Do you earn your income by spending your days on a Nebraska assembly or production line in which you have to perform the same motions repeatedly while you are in an awkward body position, or having to stretch to do your job? If your employer disregards workplace ergonomics, you might be at risk of suffering a musculoskeletal disorder. It could be carpal tunnel syndrome or one of many other diseases that cause chronic pain, repeated surgeries and time off work.
Ergonomics involve the adaptation of workstations, tasks, equipment and tools to suit the worker and limit physical stress while also eliminating potential MSDs that can be serious and disabling. Working on assembly and production lines typically involves physical strain, stress, overexertion and often exposure to excessive vibration, heavy lifting, repetitive motions and awkward body postures.
Steps to an ergonomically safe workplace
- Assess and address -- Understanding the risk factors in every task in the workplace is the first step toward eliminating injury risks. This will require anticipating potential injuries and then adapting work environments and modifying tools to make each employee's task safer.
- Add controls -- There are three levels of control to limit injury risks. Engineering controls include modifications to the layout of workstations, the design of tools, ease of access to tools and the assembly sequence. Administrative controls may consist of more frequent rest breaks, rotation of jobs and training to recognize indications of ergonomic stress. The third level of control is providing personal protective equipment such as vibration attenuation gloves, back belts and wrist supports. However, these measures will not eliminate injuries but merely limit the intensity of exposure.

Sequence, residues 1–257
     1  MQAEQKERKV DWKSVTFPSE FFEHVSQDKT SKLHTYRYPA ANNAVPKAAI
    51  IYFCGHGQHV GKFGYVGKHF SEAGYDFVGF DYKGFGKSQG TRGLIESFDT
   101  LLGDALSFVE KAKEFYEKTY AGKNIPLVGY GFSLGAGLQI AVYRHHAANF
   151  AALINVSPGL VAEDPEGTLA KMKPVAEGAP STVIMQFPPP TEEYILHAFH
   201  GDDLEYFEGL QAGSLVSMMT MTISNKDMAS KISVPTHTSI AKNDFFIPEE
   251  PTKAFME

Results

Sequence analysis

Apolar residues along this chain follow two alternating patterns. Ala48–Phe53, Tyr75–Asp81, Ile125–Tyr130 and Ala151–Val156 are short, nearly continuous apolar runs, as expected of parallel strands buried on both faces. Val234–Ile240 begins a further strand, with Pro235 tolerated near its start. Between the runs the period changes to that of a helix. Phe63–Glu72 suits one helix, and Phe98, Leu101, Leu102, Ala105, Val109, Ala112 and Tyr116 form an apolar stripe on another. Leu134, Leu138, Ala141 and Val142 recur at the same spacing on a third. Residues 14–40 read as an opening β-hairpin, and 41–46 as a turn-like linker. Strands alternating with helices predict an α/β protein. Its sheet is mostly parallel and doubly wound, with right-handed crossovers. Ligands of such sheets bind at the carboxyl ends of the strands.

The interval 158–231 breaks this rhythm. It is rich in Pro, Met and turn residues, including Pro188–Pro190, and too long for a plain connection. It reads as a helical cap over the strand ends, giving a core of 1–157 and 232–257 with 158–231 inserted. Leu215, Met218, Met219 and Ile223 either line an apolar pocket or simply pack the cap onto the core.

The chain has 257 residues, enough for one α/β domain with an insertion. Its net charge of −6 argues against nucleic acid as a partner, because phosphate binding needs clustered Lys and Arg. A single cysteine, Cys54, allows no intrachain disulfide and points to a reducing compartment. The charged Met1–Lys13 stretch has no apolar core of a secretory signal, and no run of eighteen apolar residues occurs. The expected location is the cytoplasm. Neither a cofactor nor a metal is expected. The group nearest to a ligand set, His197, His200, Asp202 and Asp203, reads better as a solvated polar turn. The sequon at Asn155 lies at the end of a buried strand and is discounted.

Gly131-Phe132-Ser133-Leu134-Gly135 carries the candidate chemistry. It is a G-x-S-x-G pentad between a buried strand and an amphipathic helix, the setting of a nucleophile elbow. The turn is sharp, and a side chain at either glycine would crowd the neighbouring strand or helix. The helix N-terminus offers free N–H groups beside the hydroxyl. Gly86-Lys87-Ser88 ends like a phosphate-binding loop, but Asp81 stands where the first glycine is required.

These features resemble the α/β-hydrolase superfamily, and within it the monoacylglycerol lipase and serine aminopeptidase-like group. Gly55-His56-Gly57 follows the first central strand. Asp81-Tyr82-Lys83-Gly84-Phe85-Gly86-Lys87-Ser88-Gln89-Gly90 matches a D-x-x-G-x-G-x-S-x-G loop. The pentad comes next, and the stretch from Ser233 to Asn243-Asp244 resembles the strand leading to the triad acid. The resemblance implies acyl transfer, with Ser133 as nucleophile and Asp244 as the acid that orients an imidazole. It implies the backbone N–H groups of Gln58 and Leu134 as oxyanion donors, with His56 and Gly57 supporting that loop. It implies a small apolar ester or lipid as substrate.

- Understand the needs -- A proper understanding of the dynamics of each task is essential before making modifications. Issues that management typically needs to address include work surface sizes and heights, supporting and comfortable chairs, access to bins and shelves that are often out of reach or too high, and hand tools that are awkward to handle.
- Consider all aspects of workstation design -- The primary consideration in ergonomics is the reach zone of each workstation. The vertical and horizontal areas must be reachable with minimal trunk, head and arm movement. The height of seating for tasks in which employees work while seated must suit the job, and the same applies for workbenches. The positioning of computer monitors and keyboards also requires careful consideration. The best option might be to provide adjustable chairs, benches and more -- particularly if different shifts use the same areas.
What if your employer disregards ergonomics?
If you are not one of the fortunate workers whose employers recognize the advantages of preventing workplace injuries, you may develop musculoskeletal disorders that result in time off work and medical expenses. Fortunately, the Nebraska workers' compensation covers ergonomic workplace injuries, and you may seek legal counsel to assist with the navigation of benefits claims for financial assistance.